Sometimes ‘self-care’ advice can be completely impractical to follow. How can I eat organically and do yoga when my chocolate stained doona cover has claimed me as its own? Do not get us wrong, self-care tips are well meaning and can offer great advice, but when your stressed, anxious or having a horrid time with mental health it is not always practical to expect yourself to meditate, eat kale, shower, get your nails done and see friends.
That said self-care is an ongoing process, not just something we should do in crisis. Magenta has popped together some real self-care tips from sex workers.
- I get my nails done/hair done and tell myself it’s a justifiable expense because it’s ‘for work’
- I send a blunt response to one of those really irritating timewasting pricks who keep texting me shit and then quickly block them before they have a chance to respond
- I mentally compare what I just earnt in an hour to the income of whoever just made an asshole comment about sex work
- Have a vicious gossip session with my other Whore friends – get it all out – then return to my kind self
- I enjoy a Netflix binge complete with blankets, snuggles with my cat and chocolate. I validate that I need to be ‘unsexy’ for a while
- I refuse to read or watch news reports on mainstream media – I will get the highlights from twitter, which keeps me updated and stronger sex worker activists have already called out the publisher on their stigmatising content.
- I turn off social media and read. It may not be realistic for long periods of time, but my work phone doesn’t have social media installed. This allows me to consider my work hours as ‘low tech’ and allows me to disconnect.
- I refuse to take part in any review/client forums, I find these spaces to be unhelpful and often quite rude. Kudo’s to anyone who doesn’t get angry reading them
- If I am having a bad mental health day I let myself have it. I allow myself to do nothing, or do completely non-productive things like online shopping, eating chocolate and ignoring the work phone. Then the next day I try again.
- Three things I do, bath, wine and a good book. This is my time; no one can interrupt this.
- I box and play footy. Any way I can violently take out my anxiety calms me, and leaves me tired so I get a good night sleep.
- Vent in my sex worker only groups. The people understand, can usually offer a giggle or a shoulder and a lot of support.
The above are some techniques used by a few sex workers to care for their mental health, prevent burnout and look after themselves. However, as a sex worker with mental illnesses I know that caring for yourself in crisis is not always easy or a priority. So, if you find yourself lacking in self-care, stuck in burn-out or in crisis here are my personal tips.
- Eat something, anything. Ignore the balanced meal and eat what makes your soul happy, I suggest using ubereats. Finding it hard to face food? Try something easy like yogurt or a banana, or drink something with calories.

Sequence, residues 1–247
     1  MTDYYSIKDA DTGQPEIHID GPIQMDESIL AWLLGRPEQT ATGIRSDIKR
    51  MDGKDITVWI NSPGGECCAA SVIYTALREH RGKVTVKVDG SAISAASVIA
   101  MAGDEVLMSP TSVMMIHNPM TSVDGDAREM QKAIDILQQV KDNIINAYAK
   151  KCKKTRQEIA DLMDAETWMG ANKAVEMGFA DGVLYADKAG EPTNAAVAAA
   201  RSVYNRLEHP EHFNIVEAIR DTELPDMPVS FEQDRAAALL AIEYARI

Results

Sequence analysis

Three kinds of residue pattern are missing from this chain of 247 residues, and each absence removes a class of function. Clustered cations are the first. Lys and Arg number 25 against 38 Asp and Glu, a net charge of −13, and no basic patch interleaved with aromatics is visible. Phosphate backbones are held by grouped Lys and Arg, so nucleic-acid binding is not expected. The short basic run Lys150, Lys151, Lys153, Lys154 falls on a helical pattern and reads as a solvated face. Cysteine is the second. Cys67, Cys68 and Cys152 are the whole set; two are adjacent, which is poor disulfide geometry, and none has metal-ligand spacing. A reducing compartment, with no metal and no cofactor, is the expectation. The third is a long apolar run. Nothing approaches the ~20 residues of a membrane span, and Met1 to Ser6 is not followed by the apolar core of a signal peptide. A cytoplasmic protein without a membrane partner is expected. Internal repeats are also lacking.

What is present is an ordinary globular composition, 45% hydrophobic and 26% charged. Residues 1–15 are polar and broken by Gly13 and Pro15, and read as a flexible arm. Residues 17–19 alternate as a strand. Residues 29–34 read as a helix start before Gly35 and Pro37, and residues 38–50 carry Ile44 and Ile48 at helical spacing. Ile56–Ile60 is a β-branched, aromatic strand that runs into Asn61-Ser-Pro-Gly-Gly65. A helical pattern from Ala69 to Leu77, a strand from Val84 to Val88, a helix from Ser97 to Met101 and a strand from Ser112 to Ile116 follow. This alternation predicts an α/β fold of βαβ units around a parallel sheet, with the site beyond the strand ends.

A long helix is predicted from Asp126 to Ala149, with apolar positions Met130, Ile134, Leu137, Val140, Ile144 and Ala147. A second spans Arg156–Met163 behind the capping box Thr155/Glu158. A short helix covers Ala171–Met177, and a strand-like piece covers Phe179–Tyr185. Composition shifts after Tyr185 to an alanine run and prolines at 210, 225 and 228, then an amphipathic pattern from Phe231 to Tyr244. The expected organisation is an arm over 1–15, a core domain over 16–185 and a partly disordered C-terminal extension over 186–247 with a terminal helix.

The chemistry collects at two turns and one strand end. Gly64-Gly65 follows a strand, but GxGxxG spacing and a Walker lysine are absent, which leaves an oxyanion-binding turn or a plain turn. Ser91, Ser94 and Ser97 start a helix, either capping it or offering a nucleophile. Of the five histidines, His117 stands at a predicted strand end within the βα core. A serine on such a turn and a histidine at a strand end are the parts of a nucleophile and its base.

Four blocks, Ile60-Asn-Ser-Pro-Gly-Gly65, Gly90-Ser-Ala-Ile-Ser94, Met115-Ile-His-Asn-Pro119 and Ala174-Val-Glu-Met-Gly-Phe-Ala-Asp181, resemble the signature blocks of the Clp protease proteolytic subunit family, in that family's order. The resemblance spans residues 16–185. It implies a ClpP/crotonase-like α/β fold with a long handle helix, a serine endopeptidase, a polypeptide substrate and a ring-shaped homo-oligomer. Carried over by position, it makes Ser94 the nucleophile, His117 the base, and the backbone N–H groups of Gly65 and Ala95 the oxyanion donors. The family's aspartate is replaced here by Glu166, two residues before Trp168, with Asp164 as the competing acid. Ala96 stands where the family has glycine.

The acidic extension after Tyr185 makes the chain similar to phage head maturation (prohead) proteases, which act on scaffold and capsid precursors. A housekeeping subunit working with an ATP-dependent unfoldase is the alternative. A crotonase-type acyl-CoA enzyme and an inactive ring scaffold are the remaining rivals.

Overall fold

- Call a friend who ‘gets it’. Other options include venting online, especially in sex worker only spaces. If phones make you anxious email/text/social media are all perfectly acceptable replacements. As is contacting Magenta for a peer educator to head over and provide peer support.
- Don’t be afraid to seek help. A mental health plan from you GP, a sex worker friendly psych or an anonymous helpline.
- If you have prescribed medications, ensure you take them as directed!
- Sometimes you might feel like you are backsliding, but if you are trying to fix all your unhelpful habits at once it can be very hard to stay grounded. Its ok to not be perfect, especially if that’s the best way to get through a hard day. You don’t need to try to fix everything at once!
- I also do something to tune out of the world. For me, I reread a favourite book (Harry Potter, if you are curious) or I journal.
- Changing the format I work in often helps me. If I need routine and structure I head to a parlour. If I need to be at home as much as possible I offer shorter services to reduce the number of hours spent with clients.
If my crisis hits critical/dangerous levels, I try to be assessed by someone outside me such as my bestie, partner or a helpline. I take myself to my psych for an emergency appointment (if my budget allows) or present at the emergency department for an assessment. When presenting in ED it helps me to have a support person, whose job it is to help me stand up for myself against stigmatising language and treatment. I have found this support invaluable at each of my emergency room visits.
Self-care is personal. So while manicures, long baths and lit candles may work for one person; another may find that a horror film, being alone and pizza is what works for them. So we encourage you to comment below, or send us your best self-care tips.